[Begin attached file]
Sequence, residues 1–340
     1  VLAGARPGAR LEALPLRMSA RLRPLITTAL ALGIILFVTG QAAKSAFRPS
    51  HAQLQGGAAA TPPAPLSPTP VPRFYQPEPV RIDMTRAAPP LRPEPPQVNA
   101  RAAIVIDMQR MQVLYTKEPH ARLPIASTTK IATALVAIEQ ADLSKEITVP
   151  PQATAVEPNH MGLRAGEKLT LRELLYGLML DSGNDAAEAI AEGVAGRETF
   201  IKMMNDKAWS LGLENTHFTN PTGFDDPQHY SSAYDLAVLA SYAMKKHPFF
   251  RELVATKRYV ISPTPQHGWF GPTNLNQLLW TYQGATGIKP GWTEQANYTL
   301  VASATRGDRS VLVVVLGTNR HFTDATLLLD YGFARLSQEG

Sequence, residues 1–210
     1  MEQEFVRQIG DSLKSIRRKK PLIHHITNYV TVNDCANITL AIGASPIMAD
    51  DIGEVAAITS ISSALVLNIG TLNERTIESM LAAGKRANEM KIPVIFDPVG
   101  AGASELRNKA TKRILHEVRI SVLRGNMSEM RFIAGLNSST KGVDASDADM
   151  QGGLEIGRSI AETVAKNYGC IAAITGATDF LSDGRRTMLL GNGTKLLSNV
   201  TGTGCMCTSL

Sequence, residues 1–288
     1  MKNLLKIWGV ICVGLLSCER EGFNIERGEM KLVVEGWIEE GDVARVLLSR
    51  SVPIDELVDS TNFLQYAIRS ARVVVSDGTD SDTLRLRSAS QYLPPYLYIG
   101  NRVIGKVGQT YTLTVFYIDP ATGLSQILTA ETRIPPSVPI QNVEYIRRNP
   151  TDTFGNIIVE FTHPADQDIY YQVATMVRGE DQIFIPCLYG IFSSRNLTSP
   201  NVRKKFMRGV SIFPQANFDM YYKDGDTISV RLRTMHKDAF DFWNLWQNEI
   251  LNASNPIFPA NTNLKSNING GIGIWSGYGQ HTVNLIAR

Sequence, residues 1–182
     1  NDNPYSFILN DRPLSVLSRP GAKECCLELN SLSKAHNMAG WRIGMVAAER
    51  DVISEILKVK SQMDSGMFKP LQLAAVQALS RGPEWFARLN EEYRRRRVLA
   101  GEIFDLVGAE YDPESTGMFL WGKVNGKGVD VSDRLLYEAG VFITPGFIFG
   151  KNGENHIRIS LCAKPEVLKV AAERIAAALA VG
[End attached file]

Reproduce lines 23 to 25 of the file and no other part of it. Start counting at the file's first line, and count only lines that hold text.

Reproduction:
     1  NDNPYSFILN DRPLSVLSRP GAKECCLELN SLSKAHNMAG WRIGMVAAER
    51  DVISEILKVK SQMDSGMFKP LQLAAVQALS RGPEWFARLN EEYRRRRVLA
   101  GEIFDLVGAE YDPESTGMFL WGKVNGKGVD VSDRLLYEAG VFITPGFIFG